To be honest, this story comes across as a bit sensational. Two minutes of research shows an *out* from the wire taping statute.
Necessity is a defense, although quite tough to use in practice; it's a bit like successfully using an insanity defense -- possible, but highly unlikely. Also, the necessity description you provide is a general statement of the principle, not the language Pennsylvania has adopted. As a common law defense, the state courts adoption is what controls. Moreover, necessity isn't always a defense (even if you prove the elements) -- it depends upon how the statue is written.
Turning to the OUT I mentioned above, there is an exception built right into the statue. Full text can be found here:
In relevant part, the wiretapping statute provides:
5703 Provides "**Except** as otherwise provided in this chapter, a person is guilty of a felony of the third degree if he: (1) intentionally intercepts, endeavors to intercept, or procures any other person to intercept or endeavor to intercept any wire, electronic or oral communication;"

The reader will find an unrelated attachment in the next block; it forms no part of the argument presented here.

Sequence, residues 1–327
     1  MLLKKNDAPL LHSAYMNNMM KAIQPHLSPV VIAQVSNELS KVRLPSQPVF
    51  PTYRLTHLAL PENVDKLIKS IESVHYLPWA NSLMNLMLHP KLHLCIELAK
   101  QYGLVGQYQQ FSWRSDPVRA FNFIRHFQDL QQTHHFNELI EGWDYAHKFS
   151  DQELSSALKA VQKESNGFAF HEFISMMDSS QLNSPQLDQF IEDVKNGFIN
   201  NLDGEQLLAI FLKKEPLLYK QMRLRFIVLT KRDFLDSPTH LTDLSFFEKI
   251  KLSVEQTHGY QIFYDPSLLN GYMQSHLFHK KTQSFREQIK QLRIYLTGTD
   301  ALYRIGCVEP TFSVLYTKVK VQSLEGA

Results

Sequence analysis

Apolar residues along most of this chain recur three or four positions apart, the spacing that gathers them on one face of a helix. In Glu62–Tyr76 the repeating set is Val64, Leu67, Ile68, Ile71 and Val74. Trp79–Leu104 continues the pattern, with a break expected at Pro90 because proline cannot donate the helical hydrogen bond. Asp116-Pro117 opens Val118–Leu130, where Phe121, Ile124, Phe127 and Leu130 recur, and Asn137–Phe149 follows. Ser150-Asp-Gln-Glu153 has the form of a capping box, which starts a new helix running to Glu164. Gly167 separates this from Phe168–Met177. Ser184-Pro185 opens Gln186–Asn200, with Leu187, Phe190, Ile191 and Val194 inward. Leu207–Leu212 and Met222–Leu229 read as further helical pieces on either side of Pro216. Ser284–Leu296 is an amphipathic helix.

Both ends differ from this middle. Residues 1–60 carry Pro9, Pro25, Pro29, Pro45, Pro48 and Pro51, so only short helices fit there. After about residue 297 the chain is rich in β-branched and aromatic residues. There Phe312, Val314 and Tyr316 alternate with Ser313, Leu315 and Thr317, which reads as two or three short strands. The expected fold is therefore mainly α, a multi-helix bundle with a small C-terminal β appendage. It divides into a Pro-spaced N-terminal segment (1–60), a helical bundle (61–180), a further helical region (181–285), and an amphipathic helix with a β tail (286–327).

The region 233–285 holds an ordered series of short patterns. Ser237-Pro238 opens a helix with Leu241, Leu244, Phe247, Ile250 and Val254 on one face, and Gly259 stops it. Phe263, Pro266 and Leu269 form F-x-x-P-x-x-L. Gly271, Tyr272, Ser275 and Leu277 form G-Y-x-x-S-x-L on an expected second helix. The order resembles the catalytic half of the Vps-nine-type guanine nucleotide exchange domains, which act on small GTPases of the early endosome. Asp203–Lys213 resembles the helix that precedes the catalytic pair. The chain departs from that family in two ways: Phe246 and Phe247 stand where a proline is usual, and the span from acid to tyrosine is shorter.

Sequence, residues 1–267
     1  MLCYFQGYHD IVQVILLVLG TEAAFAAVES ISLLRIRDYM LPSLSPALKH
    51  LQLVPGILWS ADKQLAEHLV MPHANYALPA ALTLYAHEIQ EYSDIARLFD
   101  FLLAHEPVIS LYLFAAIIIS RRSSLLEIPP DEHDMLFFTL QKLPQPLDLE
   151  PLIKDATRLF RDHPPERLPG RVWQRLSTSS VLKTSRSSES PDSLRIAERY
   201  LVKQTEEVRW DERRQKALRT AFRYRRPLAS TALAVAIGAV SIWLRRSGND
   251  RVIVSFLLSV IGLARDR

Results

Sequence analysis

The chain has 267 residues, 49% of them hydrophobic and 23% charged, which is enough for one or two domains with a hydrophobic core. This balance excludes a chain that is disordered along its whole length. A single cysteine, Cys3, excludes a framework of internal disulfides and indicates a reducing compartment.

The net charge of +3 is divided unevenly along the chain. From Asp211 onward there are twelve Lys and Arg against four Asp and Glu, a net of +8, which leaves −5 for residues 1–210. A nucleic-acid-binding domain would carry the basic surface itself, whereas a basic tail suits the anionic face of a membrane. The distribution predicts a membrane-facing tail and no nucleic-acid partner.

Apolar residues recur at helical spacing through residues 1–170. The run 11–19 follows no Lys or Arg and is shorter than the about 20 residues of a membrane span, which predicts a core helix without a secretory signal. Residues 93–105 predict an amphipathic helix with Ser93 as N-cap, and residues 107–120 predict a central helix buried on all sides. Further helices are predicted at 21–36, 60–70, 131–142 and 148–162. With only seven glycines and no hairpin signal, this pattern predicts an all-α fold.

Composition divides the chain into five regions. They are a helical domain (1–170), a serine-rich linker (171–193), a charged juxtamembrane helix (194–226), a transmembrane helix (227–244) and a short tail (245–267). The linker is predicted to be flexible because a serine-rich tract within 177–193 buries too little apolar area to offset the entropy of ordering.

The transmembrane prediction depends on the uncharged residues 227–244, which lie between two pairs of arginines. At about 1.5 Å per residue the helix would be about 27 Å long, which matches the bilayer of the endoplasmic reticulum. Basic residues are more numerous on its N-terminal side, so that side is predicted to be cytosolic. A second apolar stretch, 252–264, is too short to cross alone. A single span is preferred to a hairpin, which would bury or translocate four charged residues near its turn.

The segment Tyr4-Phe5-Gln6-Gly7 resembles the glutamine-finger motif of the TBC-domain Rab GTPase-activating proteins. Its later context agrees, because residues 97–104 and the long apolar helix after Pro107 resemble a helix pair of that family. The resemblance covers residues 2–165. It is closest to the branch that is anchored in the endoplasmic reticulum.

5704 Contains a long list of exceptions. For the most part they apply to police, telecom, or telemarketers (go figure). Subsection 17 is relevant here ...
5704 (17) Any victim ... to intercept the contents of any wire, electronic or oral communication, if that person is under a reasonable suspicion that the intercepted party is committing, about to commit or has committed a crime of violence and there is reason to believe that evidence of the crime of violence may be obtained from the interception.
If the bullying was as bad as the article describes, the student could surely have reasonable suspicion that the party was about to commit a crime of violence.
You can read more about this here: